Inflation fears were fueling a surge in precious metals Thursday morning after Hong Kong media reported that China inflation accelerated to 5.4 percent in March from the previous year. Such an inflation rate would be higher than economists estimates and would show price increases are accelerating, despite successive attempts by China’s central bank to keep prices stable.
China, which officially reports consumer price data on Friday, has struggled to clamp down on inflation in the past year. Despite raising interest rates four times and demanding banks keep 20 percent of their capital as reserves, food and fuel prices have continued to rise. Cotton and corn prices have risen more than 100 percent in the past year. Crude has climbed more than 25 percent.
Part of China’s struggle to contain prices is due to monetary inflows. China’s foreign exchange reserves hit a record $3 trillion in March, according to China’s Central Bank. More worrying than perhaps the total number is that China’s F/X reserves are up $180 billion from the end of last year — rising during a period when China was actually running a trade deficit.
Geopolitical issues and U.S. monetary policy have complicated China’s inflation fighting efforts. Poor weather in many grain-producing nations — and devastating floods in Australia — have created fears of grain shortages, boosting prices. Wheat futures are up nearly 55 percent in the past year. Meanwhile, Libya’s civil war and unrest in other oil producing nations such as Nigeria have caused crude prices to spike this year. Crude futures are up more than 18 percent.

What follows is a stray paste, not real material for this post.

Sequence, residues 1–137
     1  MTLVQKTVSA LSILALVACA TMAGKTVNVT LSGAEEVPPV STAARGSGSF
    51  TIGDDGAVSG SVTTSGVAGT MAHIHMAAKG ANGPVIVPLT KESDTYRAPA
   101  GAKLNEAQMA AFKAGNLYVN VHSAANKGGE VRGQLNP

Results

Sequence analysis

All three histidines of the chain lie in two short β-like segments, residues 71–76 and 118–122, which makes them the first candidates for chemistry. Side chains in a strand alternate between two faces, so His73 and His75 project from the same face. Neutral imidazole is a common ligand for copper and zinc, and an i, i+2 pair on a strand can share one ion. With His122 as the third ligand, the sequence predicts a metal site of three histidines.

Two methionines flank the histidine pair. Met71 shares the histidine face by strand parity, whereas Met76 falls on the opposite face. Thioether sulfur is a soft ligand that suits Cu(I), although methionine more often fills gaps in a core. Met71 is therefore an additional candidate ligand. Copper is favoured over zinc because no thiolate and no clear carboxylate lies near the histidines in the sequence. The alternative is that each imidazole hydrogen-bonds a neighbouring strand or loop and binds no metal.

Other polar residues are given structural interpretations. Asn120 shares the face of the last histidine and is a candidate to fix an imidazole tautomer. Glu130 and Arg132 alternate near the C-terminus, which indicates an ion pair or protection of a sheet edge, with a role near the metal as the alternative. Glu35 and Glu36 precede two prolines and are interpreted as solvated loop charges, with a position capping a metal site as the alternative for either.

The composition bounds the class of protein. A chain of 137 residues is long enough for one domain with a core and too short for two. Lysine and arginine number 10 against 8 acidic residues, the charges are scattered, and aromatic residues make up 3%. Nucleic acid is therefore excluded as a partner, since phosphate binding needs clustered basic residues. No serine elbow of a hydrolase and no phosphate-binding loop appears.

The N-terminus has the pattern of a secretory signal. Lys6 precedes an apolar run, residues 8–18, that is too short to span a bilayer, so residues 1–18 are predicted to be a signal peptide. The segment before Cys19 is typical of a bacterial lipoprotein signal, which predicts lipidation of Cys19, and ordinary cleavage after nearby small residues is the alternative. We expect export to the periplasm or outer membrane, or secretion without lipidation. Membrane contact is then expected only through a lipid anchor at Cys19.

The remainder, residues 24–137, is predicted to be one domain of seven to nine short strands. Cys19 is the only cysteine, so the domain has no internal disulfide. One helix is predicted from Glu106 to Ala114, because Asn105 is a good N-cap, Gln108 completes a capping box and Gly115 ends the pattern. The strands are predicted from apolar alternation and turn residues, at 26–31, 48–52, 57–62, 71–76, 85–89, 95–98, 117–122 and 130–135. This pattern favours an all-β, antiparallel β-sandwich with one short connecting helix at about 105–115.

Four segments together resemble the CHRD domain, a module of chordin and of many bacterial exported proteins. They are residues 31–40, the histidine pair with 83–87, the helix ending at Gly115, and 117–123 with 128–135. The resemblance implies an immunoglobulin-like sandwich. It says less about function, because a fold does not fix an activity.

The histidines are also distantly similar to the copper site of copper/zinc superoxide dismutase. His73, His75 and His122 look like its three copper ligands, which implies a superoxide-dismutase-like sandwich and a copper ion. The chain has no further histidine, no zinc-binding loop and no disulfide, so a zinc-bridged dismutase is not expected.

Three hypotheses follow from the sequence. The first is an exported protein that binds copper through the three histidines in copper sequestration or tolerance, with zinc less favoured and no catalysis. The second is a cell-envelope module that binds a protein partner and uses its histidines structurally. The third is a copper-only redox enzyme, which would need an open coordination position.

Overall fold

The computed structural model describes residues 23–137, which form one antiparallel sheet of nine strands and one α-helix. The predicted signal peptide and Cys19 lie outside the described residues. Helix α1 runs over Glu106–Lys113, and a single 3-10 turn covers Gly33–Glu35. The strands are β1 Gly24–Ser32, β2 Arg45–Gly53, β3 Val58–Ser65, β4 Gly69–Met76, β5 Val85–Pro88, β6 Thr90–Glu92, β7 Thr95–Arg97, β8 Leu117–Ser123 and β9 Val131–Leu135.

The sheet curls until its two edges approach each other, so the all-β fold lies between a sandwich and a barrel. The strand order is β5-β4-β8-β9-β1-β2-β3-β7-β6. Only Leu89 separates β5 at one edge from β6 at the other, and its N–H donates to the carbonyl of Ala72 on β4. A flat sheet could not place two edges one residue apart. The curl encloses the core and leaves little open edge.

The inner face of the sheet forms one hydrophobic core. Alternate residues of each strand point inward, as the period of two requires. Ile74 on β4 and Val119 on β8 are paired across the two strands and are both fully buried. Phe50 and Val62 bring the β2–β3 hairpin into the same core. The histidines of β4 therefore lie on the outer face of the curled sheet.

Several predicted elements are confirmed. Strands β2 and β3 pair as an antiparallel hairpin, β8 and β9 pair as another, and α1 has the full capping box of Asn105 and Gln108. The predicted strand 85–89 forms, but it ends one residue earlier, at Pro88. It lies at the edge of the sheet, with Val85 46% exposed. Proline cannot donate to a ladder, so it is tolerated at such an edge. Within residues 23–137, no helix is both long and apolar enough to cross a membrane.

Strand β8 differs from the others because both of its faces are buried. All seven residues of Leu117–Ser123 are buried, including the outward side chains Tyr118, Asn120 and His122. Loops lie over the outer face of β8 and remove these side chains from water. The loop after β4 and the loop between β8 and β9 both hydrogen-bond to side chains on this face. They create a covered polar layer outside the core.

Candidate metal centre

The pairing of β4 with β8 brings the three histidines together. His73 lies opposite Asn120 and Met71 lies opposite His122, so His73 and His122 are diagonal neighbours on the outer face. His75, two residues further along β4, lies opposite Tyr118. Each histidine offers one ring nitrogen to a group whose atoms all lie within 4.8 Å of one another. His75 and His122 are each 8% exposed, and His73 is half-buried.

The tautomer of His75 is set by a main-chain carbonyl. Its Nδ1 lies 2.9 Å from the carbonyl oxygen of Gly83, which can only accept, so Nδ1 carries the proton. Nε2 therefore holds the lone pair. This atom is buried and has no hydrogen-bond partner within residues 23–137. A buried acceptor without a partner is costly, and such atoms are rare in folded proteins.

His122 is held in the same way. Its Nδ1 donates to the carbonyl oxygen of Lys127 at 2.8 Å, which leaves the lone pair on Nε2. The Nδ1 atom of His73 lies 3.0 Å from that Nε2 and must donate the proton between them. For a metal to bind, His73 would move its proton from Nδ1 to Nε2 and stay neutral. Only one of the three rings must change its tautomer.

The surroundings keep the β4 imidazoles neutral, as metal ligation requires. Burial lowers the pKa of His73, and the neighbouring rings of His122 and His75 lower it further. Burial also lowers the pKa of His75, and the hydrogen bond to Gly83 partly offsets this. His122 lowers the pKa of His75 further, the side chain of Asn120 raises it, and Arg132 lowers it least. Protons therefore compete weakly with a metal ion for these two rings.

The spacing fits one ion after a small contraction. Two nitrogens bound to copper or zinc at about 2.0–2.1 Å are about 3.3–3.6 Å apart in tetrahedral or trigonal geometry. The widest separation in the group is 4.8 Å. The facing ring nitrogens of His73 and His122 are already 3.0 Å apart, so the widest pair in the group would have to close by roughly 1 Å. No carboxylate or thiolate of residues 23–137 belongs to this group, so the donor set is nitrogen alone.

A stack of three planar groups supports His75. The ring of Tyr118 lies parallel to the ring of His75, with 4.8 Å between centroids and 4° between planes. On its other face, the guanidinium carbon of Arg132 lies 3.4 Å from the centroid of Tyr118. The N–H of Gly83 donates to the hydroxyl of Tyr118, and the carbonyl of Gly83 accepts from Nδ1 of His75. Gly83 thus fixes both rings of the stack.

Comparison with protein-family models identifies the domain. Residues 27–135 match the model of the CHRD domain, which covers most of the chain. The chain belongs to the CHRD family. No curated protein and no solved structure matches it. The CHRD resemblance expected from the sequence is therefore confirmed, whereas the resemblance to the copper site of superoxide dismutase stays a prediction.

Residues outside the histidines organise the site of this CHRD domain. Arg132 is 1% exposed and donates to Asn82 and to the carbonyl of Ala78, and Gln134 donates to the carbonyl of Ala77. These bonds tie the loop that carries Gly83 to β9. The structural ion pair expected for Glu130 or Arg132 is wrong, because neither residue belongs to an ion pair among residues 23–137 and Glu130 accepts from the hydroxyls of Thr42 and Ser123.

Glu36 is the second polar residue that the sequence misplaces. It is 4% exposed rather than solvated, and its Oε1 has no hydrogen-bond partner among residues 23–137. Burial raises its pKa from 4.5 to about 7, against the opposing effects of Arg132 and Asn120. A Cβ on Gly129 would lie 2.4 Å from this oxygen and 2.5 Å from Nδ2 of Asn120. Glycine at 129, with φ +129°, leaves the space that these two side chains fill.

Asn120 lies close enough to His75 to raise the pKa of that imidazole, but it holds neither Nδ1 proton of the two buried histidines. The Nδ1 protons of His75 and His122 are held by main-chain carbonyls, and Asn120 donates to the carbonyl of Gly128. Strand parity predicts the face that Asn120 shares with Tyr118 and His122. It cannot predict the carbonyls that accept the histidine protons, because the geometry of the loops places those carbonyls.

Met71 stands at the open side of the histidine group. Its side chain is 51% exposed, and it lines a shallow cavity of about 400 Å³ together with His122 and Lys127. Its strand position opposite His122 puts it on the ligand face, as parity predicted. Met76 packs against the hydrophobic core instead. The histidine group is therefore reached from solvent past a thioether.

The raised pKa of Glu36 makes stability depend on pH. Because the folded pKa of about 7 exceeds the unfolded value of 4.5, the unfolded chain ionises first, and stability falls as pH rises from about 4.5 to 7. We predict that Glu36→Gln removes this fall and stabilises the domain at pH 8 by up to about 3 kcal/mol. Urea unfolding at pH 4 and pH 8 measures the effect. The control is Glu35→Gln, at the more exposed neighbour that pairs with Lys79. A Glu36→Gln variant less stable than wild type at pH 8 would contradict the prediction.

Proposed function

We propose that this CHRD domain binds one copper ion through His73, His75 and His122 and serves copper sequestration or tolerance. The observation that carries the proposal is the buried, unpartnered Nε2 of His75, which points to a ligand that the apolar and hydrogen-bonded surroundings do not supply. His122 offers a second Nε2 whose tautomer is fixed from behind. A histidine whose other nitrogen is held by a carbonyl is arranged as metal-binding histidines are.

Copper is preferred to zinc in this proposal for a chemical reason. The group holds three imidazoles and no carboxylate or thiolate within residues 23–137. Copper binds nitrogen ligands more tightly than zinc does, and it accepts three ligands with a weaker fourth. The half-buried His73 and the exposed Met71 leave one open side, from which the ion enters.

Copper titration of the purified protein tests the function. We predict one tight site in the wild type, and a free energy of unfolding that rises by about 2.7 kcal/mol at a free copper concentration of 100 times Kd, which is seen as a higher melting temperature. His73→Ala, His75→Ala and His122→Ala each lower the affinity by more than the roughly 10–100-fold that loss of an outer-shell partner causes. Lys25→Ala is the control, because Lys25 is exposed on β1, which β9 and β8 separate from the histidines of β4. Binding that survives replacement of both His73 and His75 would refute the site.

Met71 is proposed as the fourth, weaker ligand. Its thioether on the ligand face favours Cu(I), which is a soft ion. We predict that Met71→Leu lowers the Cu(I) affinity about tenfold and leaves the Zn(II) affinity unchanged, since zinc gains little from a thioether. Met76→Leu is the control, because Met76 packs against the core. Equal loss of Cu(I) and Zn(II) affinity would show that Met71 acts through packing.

U.S. monetary policy also has not helped inflation-fighting efforts. U.S. Federal Reserve efforts to bolster the economy after the housing and financial crisis, as well as the government’s growing debt, have weakened the dollar. The U.S. dollar hit a fresh 16-month closing low against the euro yesterday, and continued to decline on Thursday. International commodity prices are typically expressed in dollars, so a weaker dollar leads to higher prices.
China is not the only country feeling inflation pressures. The European Central Bank raised rates 25 basis points this month after Euro Zone inflation hit 2.6 percent annually in March. Core producer prices in the U.S. rose a greater-than-expected 0.3 percent in March. Much of that, however, was due to higher auto prices stemming from supply-chain issues in Japan, which is still struggling to recover from last month’s devastating 9.0 earthquake and tsunami.
"We do not believe that food and energy price gains are transitory," wrote Deutsche Bank Chief Economist Joe LaVorgna in an April 14 note to clients. "Over the last three years, food and energy prices are up 1.9 percent, but over the past year, they are up 5.9 percent. We doubt this trend will subside in the face of negative real interest rates and a sharply falling trade-weighted dollar."
To cash in on rising inflation, Joe Terranova of Virtus’ Investment Partners was looking to add to his gold and silver positions. Based on Thursday's action, he thinks both gold and silver are breaking out.
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CNBC.com with wires.